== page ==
Los Alamos honors Laboratory Fellows
- Nancy Ambrosiano
- Communications Office
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Engineering, physics and computer science leaders announced
LOS ALAMOS, N.M., November 19, 2012—Three distinguished members of the Los Alamos National Laboratory scientific staff are being honored with appointment as Laboratory Fellows for 2012. The committee ranked a collection of nominations on the basis of:
1) Sustained, high-level achievements in programs of importance to the Laboratory;
2) A fundamental or important discovery that has led to widespread use;
3) Having become a recognized authority in the field, including outside recognition and an outstanding record of publications.
The new Los Alamos Fellows are
- Charles Farrar
- Steven Elliott
- Mikhail Shashkov
"Chuck, Steven, and Mikhail have made exceptional contributions in their fields and to national security,” said Laboratory Director Charlie McMillan. “To be honored by their peers is a testament to their work. I congratulate the 2012 Laboratory Fellows and thank them for their service.”
Charles Farrar, of the Los Alamos National Security Education Center, is one of the preeminent structural health monitoring (SHM) pioneers in the world. SHM, a relatively new field, has evolved out of the traditional nondestructive evaluation method. However, while nondestructive evaluation tends to be a local inspection methodology usually accomplished with the system taken out of service, SHM focuses on continuous in situ monitoring of in-service systems on a larger scale.
Farrar’s 305 publications and over 8,500 citations have made seminal contributions in understanding damage detection for aerospace, civil and mechanical infrastructure, new concepts in statistical pattern recognition, highlighting the impact of operational and environmental variability on SHM, and in predicting remaining system life based on SHM output. Farrar established the Los Alamos Dynamics Summer School and leads the Engineering Institute emphasizing education, research, and technology integration as a magnet for students, postdocs, technical staff, industrial partner, and external collaborators from around the world.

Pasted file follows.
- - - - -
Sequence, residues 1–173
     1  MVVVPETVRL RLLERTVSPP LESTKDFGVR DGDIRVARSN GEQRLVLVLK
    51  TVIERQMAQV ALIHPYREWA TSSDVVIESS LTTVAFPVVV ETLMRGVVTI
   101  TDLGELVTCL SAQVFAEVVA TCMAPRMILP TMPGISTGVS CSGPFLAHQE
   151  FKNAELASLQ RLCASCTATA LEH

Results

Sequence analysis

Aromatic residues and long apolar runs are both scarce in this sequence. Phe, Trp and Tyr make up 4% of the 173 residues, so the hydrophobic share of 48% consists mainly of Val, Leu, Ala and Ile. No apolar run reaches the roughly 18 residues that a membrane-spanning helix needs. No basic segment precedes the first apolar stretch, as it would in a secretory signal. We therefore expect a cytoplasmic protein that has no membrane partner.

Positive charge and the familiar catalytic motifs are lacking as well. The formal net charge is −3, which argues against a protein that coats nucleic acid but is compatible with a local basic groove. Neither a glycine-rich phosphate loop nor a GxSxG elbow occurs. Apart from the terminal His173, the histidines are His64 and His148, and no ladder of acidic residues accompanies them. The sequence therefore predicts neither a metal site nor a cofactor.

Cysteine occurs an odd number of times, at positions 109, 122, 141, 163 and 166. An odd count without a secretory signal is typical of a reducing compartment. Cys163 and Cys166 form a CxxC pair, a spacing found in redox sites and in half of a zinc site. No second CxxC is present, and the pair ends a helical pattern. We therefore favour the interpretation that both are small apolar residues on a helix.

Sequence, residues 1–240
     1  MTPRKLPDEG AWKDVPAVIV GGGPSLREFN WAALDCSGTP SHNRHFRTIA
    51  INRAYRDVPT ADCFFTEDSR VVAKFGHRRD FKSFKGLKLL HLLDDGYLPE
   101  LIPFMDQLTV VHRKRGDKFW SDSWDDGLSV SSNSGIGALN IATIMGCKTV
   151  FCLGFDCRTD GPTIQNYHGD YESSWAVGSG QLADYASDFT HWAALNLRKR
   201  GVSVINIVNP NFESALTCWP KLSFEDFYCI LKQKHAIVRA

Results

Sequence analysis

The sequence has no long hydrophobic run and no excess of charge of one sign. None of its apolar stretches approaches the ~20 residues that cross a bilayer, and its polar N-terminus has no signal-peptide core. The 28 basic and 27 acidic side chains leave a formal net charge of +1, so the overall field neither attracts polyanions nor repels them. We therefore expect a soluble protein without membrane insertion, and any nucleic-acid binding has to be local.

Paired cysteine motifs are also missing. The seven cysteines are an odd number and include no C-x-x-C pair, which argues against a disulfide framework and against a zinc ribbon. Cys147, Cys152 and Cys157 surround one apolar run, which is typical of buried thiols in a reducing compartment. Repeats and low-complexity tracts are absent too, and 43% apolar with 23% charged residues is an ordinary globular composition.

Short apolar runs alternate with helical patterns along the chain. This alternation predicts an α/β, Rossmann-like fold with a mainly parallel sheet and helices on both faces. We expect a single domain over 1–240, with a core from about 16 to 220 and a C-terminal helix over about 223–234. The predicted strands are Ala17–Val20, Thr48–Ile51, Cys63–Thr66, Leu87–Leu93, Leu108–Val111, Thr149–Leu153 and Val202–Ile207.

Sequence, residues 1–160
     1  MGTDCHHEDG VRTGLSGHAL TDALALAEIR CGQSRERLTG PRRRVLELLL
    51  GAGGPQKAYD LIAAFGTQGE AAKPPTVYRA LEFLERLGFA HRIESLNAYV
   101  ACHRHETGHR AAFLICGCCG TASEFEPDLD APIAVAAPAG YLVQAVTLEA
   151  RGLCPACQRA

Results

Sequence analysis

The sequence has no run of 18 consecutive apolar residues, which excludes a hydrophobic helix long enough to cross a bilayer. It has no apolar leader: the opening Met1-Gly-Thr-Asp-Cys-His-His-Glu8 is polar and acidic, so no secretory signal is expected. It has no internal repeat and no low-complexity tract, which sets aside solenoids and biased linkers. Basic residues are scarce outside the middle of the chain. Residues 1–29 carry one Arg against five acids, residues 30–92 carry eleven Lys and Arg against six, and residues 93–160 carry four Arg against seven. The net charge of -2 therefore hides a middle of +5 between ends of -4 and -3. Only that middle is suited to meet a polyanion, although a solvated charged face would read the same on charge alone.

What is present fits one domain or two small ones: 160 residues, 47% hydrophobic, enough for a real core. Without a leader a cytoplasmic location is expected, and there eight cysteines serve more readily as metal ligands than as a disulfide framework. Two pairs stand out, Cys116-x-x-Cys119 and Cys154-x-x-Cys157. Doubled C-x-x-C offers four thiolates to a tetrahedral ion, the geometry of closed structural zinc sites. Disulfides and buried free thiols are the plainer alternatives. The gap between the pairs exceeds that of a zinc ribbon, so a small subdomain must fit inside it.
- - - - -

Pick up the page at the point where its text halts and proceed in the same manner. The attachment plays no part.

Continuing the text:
Steven Elliott, of the Physics division’s Neutron Science & Technology group, is a world leader in the physics field of weak interactions, one of the four fundamental forces of nature beside the strong nuclear force, magnetism and gravity. His work has been at the center of the discovery of neutrino mass—one of the most important discoveries in fundamental physics in the past several decades. With over 12,000 citations and as a Fellow of the American Physical Society, his work is recognized the world over.
Mikhail Shashkov, of Computational Physics Division’s Methods and Algorithms group, is a world-recognized leader in and developer of modern Arbitrary-Lagrangian-Eulerian (ALE) methods for high speed, multi-material flows that are the heart of Advanced Simulation and Computation (ACS) program for NNSA and LANL weapons calculations. His research and methods are extensively used at top research institutions around the world. His advances in numerical methods for solving partial differential equations have been characterized as having more impact on the reliability and accuracy of large-scale PDE-based simulations at LANL than any other advances in the past two decades. Since coming to the Laboratory in 1994 from Russia, he has over 250 publications and more than 3400 citations.
Los Alamos National Laboratory, a multidisciplinary research institution engaged in strategic science on behalf of national security, is operated by Los Alamos National Security, LLC, a team composed of Bechtel National, the University of California, The Babcock & Wilcox Company, and URS for the Department of Energy's National Nuclear Security Administration.
Los Alamos enhances national security by ensuring the safety and reliability of the U.S. nuclear stockpile, developing technologies to reduce threats from weapons of mass destruction, and solving problems related to energy, environment, infrastructure, health, and global security concerns.